(Matt’s note: The Law Library of Congress is using this space to do a couple of ‘guest posts,’ written by Andrew Weber. The following are his words.)
In the three years that I have been working at the Law Library of Congress, I have learned that its mission is ‘to provide research and legal information to the U.S. Congress as well as to U.S. Federal Courts and Executive Agencies, and to offer reference services to the public ‘. Usually, that means analytical reports, briefings, and testimonies for Congress or other government agencies. Sometimes it includes presenting to small groups or conferences on issues such as the rule of law.
While I didn’t get to see the group of foreign law specialists participate in a presentation to judges from the Superior Court of the District of Columbia in the morning, I did see their appearance in the afternoon at the ABA Section of International Law Spring Meeting. They presented on the Rule of Law within the different cultures and religions of Japan, Israel, and Spain.
My colleagues shared insights on: whether the Japanese Prime Minister’s visits to the Yasukuni Shrine violated the principle of separation of state and religion; the law of the Jewish and democratic state treats religious groups in Israel; and the legal treatment of Muslims in Spain. Following these presentations was Dr. Susan Karamanian, a professor at the George Washington University Law School. She spoke on the prospects and challenges of commercial law in the Arab States of the Gulf and how each of the states interprets Islamic law in this area.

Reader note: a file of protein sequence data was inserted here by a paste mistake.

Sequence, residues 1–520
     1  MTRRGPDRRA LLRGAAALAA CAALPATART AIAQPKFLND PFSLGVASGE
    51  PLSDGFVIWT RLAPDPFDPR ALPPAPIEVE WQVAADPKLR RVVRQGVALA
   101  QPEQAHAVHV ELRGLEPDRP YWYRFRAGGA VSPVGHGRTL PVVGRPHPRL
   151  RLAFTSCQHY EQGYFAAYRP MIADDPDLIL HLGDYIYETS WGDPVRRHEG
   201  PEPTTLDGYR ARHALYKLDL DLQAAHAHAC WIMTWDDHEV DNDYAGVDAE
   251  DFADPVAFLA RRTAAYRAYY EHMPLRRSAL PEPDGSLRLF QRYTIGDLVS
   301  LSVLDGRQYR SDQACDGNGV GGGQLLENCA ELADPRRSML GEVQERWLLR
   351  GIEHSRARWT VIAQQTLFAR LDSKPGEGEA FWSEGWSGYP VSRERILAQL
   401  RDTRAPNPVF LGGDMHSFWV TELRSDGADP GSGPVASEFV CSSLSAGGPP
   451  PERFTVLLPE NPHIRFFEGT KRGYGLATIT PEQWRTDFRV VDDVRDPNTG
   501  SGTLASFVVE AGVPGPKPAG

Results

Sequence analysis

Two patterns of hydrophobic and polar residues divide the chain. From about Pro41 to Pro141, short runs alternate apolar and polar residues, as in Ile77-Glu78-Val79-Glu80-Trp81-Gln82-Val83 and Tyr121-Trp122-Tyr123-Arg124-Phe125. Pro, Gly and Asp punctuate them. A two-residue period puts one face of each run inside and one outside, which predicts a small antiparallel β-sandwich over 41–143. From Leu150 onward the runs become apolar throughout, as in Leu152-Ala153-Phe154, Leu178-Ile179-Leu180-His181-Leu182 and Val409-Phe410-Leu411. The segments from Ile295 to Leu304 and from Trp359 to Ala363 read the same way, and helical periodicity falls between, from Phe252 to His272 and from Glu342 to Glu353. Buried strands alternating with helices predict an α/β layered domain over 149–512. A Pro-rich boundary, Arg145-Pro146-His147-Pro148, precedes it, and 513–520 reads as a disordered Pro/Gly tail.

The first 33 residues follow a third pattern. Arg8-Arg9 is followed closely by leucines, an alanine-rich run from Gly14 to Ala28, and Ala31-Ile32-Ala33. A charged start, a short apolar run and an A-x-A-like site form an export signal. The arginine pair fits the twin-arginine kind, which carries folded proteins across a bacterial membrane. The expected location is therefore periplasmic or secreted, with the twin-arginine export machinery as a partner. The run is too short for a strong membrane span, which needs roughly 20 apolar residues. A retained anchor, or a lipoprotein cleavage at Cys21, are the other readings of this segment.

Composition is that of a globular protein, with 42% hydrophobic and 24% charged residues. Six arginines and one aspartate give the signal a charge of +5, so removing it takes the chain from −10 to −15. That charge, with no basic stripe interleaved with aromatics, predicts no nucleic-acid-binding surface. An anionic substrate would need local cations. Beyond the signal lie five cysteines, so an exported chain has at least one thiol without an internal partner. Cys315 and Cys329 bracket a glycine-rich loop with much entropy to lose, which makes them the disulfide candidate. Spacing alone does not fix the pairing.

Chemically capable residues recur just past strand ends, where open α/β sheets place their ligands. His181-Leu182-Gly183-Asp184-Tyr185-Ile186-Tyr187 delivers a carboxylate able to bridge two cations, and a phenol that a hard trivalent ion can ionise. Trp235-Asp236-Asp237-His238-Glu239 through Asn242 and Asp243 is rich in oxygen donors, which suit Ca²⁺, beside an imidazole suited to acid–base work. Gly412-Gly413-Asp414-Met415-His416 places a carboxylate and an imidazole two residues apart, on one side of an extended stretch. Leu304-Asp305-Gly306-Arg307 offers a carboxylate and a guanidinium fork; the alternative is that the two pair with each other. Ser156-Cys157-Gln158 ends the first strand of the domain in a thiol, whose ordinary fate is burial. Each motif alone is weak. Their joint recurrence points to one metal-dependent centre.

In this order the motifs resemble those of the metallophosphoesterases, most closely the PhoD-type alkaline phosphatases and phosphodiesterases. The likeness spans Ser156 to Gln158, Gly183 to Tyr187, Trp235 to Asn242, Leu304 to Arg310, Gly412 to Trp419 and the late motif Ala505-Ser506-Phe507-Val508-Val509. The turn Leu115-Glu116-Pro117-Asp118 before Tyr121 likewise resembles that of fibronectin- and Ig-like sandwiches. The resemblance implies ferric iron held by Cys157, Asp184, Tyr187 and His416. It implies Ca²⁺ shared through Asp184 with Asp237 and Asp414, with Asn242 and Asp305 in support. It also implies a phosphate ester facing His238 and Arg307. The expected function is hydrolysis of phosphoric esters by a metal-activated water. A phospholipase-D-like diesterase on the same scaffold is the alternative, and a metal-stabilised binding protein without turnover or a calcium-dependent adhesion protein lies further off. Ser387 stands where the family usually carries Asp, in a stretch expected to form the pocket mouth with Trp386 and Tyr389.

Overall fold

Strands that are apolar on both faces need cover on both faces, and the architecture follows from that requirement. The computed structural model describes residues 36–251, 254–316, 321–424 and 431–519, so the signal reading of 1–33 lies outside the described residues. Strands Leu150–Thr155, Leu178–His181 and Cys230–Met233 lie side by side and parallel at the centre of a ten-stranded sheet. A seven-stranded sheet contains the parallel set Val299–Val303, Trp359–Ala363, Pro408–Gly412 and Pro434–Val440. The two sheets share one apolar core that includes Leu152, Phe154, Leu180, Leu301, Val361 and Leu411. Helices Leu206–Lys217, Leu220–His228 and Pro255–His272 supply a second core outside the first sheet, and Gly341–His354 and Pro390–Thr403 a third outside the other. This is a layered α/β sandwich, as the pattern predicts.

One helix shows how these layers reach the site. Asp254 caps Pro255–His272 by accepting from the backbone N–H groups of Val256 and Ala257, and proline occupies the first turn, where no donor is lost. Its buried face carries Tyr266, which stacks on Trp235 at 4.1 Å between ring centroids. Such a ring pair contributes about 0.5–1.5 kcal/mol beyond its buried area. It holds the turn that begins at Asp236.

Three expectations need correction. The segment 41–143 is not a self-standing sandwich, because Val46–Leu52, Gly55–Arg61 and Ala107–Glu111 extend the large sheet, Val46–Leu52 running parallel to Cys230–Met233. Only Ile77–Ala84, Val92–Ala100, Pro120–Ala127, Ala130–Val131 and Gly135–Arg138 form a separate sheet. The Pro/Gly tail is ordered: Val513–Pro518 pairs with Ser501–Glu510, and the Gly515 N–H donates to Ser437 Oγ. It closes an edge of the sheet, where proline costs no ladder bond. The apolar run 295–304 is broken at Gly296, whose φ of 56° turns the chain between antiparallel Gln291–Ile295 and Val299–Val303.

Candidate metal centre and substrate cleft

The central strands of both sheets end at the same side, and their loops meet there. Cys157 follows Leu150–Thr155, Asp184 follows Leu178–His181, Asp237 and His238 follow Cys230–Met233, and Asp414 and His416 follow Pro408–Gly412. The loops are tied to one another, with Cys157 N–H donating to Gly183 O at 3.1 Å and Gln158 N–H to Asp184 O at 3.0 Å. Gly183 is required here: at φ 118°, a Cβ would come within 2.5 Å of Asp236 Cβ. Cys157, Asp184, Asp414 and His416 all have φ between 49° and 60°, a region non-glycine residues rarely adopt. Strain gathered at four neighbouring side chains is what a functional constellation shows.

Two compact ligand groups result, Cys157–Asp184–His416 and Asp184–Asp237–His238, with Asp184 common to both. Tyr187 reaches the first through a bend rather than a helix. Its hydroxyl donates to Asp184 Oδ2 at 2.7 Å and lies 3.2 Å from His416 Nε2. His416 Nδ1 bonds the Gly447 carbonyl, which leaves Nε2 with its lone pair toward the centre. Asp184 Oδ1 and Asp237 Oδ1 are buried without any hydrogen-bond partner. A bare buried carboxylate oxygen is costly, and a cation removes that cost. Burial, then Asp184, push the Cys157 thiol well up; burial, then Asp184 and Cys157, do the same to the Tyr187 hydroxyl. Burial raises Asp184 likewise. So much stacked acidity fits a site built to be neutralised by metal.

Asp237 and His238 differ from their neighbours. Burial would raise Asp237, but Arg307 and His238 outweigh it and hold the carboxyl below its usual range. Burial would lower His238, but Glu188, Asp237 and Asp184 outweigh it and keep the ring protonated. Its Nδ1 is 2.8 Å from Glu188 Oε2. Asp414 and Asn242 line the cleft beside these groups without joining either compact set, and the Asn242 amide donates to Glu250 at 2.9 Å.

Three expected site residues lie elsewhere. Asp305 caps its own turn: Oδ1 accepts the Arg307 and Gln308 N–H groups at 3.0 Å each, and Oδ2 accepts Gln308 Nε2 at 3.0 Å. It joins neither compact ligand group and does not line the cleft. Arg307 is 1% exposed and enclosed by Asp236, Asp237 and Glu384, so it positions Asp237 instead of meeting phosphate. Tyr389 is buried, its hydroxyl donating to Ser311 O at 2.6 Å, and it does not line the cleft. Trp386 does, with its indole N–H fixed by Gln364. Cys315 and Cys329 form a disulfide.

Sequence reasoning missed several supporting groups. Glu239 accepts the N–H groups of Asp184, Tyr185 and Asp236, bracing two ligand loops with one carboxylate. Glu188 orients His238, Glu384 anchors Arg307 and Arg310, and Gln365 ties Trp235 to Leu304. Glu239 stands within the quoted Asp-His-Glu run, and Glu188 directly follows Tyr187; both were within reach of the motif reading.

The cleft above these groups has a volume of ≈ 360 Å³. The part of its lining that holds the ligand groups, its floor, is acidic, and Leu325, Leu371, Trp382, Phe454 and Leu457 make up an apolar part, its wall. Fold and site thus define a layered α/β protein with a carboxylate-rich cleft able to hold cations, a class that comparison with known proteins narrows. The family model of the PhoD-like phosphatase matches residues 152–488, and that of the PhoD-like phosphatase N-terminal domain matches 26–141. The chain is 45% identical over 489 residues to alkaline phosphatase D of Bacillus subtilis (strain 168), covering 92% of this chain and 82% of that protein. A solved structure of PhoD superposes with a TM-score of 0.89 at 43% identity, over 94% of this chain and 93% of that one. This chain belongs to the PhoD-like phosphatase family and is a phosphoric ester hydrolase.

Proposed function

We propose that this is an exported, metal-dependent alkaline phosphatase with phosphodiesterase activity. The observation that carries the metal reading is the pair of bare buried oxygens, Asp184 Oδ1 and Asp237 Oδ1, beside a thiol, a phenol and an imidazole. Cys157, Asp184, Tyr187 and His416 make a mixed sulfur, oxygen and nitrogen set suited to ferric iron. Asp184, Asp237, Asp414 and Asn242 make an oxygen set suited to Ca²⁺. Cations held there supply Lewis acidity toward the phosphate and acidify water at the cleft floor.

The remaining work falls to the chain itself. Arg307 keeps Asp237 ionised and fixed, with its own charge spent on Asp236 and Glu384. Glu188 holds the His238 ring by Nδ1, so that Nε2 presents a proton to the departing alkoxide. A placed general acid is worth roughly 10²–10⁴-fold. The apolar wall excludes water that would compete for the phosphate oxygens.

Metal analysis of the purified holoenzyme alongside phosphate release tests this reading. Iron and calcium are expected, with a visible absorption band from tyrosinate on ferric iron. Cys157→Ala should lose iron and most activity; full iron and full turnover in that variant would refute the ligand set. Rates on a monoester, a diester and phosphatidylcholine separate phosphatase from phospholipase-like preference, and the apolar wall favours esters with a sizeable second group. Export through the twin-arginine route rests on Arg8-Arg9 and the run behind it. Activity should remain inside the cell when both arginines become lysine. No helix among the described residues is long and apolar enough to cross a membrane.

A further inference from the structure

The presentation posed, I think, an interesting challenge: across cultures, the interplay between religion and government can cause problems or provide a strong foundation for the rule of law. It allowed for a discussion of whether the rule of law is strong enough to withstand pressures from a variety of religious and cultural systems. And it left an important question remaining that needs further exploration: What value is there in considering foreign law’s treatment of the separation of state and religion when examining our own?